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October 2 - 8, 2009
Oil major Santos Ltd has
urged the South Australian
Government to adopt a "low
emission" target and said that
natural gas had an important part
to play in the reduction of carbon
emissions from power generation.
Speaking to an Australia Israel
Chamber of Commerce function in
Adelaide, Santos chief executive
David Knox called on the State
Government to aim for average
emissions from power generation of
no more than 0.4 tonnes of CO2 per
megawatt hour by 2020.
South Australia s current average
emissions stand at around 0.8
According to Mr Knox, fostering a
stable partnership between natural
gas and renewable sources was key
to achieving this reduction.
"Low-carbon natural gas offers
an immediate and proven way
to transform baseload power
generation away from high-carbon
coal," Mr Knox said.
Mr Knox said the introduction of
a low emissions target would bolster
the state s existing commitment to
tackling climate change.
"South Australia already
generates just over half of its power
from natural gas, with the rest of
the fossil fuel power generation
coming brown coal," Mr Knox said.
"Despite only providing 34 per
cent of South Australia s power,
nearly half of South Australia s
power emissions come from coal."
He added that replacing the
state s current coal-fired power
stations with new gas generators
was a feasible option.
"The cost of replacing SA s
ageing coal-fired power stations
with new gas-fired generation,
assuming a modest carbon price,
would be less than building new
generation coal power stations,
and that with our abundant gas
supply there is more than enough
gas to fuel a low emission South
Australia," Mr Knox said.
"Indeed, with eastern Australia s
large resource base, equivalent to
several hundred years of current
natural gas use, I would argue that
there is enough gas to fuel a low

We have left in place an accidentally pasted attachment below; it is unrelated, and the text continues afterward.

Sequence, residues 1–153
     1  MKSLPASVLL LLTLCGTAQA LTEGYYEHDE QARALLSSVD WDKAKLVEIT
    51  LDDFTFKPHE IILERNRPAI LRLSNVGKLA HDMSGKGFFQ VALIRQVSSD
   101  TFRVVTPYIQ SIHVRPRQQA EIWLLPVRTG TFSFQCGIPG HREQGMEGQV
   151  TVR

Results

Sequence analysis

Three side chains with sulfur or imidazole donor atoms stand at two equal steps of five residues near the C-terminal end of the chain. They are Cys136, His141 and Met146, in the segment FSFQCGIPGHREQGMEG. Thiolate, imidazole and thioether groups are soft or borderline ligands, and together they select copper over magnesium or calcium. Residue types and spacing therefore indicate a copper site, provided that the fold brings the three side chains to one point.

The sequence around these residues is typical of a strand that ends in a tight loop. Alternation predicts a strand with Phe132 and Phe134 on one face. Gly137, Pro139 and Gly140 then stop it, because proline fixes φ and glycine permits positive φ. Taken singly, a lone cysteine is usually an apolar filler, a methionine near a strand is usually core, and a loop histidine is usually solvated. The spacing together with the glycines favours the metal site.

Gas has role to play
A miner in a dispute with the
Defence Department over a planned
joint venture with a Chinese
company in a sensitive military
area has arranged for more time to
sort out the issue.
Western Plains Resources Ltd
says it and Chinese state-owned
company Wugang Australian
Resources Pty Ltd have extended
the condition precedent on their $48
million deal by three months, until
Wugang is a subsidiary of
China s Wuhan Iron and Steel
(Group) Co (WISCO) and, in a letter,
the Department of Defence said it
did not support the deal because it
concerned a prospect located in the
Woomera Prohibited Area.
"The extension of time has
been agreed in order for WPG and
WISCO to more fully assess the
impact of the position taken by the
Department of Defence ... and to
engage in further discussions with
Defence," Western Plains said.
Under the deal, WISCO would
take about an 11 per cent stake
in Western Plains for $3 million,
and would pay $45 million for a 50
per cent stake in the Australian
company s Hawks Nest magnetite
WISCO also would appoint a
member of the Western Plains
board under the proposed deal.
Western Plains executive
director Heath Roberts said the
company was yet to directly contact
Defence since receiving the letter.
"We will do so, I think, relatively
soon, but just for the moment we
had some things we needed to try
to get to the bottom of," Mr Roberts
"The Defence letter doesn t
address a number of points and it
raises some issues which needed
Eden Energy Ltd s plans to
develop its South Australian
geothermal interests have been
boosted after a deal announced
with Origin Energy Ltd.
Eden Energy, which has
investments in emerging
alternative energy technologies,
has agreed to sell Origin a 70 per
cent interest in its Geothermal
Licence Number 185 (GEL 185)
in South Australia s Cooper
Basin. Under the deal Origin
will pay Eden $1 million in cash